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Auramine O

Auramine O
IUPAC name bis[4-(dimethylamino)phenyl]methaniminium chloride
CAS number 2465-27-2
SMILES [NH2+]=C (C2=CC=C (N(C)C)C=C2) C1=CC=C(N (C)C)C=C1
Molecular formula C17H22N3Cl
Molar mass 303.8339 g/mol
Melting point

267 °C

R-phrases R22 R24 R40
S-phrases S36/37 S45
Except where noted otherwise, data are given for
materials in their standard state
(at 25 °C, 100 kPa)

Infobox disclaimer and references

Auramine O, also called Basic yellow 2, Pyocatanium aureum, aizen auramine, Pyoktanin Yellow, Canary Yellow, Pyoktanin, or C.I. 41000, is a diarylmethane dye used as a fluorescent stain. In its pure form, Auramine O appears as yellow needle crystals. It is very soluble in water and soluble in ethanol.

Auramine O can be used to stain acid-fast bacteria (e.g. Mycobacterium), where it binds to the mycolic acid in its cell wall) in a way similar to Ziehl-Neelsen stain.[1] It can also be used as a fluorescent version of Schiff reagent.[2]

Auramine O can be used together with Rhodamine B as the Truant auramine-rhodamine stain for Mycobacterium tuberculosis.[3][4] It can be also used as an antiseptic agent.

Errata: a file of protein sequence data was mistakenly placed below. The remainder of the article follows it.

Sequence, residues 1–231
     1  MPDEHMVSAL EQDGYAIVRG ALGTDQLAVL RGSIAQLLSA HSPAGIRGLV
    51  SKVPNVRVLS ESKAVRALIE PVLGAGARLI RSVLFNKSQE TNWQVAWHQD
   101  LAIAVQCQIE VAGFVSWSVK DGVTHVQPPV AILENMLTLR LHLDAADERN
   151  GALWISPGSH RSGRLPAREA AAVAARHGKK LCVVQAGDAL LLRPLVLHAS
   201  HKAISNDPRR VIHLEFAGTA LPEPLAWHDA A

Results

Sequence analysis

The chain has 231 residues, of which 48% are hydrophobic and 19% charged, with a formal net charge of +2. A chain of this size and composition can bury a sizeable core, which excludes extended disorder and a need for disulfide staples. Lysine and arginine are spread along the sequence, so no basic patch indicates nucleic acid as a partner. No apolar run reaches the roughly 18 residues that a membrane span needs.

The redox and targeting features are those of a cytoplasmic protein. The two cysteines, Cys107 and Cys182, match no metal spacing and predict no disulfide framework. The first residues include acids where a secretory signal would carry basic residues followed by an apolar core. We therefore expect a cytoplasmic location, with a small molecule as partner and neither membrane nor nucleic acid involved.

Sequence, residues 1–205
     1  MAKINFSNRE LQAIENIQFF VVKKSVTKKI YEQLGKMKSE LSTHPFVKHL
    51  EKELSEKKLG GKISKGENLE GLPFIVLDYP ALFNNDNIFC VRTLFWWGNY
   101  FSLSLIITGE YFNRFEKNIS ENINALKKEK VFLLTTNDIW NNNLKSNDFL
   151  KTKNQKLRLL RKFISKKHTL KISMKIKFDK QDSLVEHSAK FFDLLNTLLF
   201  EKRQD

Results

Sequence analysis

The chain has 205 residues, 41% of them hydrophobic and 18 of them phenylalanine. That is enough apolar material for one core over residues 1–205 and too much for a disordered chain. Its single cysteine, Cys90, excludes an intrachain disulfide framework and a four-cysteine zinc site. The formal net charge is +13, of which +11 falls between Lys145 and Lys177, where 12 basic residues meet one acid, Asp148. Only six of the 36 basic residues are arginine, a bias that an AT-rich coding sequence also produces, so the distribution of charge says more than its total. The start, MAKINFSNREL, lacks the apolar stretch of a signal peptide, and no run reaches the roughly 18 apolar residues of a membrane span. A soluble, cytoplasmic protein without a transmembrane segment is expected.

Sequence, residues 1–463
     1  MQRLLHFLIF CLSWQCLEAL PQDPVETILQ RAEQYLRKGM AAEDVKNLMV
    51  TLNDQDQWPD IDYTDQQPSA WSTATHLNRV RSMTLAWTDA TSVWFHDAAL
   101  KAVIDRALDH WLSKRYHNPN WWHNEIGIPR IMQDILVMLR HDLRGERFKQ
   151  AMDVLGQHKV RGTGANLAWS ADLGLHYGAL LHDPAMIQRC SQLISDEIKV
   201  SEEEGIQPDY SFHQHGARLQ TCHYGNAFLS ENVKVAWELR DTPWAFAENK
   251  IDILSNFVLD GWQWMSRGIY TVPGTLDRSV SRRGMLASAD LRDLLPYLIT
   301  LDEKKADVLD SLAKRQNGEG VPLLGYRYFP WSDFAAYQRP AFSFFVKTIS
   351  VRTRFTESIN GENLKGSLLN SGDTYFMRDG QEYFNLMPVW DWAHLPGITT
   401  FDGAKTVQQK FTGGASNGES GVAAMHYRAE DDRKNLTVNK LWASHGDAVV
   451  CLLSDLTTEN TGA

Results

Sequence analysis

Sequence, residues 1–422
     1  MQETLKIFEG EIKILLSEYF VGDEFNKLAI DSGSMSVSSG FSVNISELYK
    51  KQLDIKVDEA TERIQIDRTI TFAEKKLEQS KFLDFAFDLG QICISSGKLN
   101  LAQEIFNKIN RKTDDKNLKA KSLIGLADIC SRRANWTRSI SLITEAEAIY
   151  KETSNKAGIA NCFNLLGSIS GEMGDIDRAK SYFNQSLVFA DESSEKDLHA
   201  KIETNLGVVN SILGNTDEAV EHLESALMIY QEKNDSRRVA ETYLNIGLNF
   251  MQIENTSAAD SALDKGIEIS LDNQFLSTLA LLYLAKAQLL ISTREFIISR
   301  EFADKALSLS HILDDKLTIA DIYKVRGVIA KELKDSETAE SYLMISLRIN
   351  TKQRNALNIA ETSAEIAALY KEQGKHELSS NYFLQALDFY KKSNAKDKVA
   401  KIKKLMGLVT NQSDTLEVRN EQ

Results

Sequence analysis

1. ^ Kommareddi S, Abramowsky C, Swinehart G, Hrabak L (1984). "Nontuberculous mycobacterial infections: comparison of the fluorescent auramine-O and Ziehl-Neelsen techniques in tissue diagnosis". Hum Pathol 15 (11): 1085-9. PMID 6208117.
  2. ^ Khavkin T, Kudryavtseva M, Dragunskaya E, Polotsky Y, Kudryavtsev B (1980). "Fluorescent PAS-reaction study of the epithelium of normal rabbit ileum and after challenge with enterotoxigenic Escherichia coli". Gastroenterology 78 (4): 782-90. PMID 6986320.
  3. ^ Truant J, Brett W, Thomas W (1962). "Fluorescence microscopy of tubercle bacilli stained with auramine and rhodamine". Henry Ford Hosp Med Bull 10: 287-96. PMID 13922644.
  4. ^ Arrowood M, Sterling C (1989). "Comparison of conventional staining methods and monoclonal antibody-based methods for Cryptosporidium oocyst detection". J Clin Microbiol 27 (7): 1490-5. PMID 2475523.
This article is licensed under the GNU Free Documentation License. It uses material from the Wikipedia article "Auramine_O". A list of authors is available in Wikipedia.
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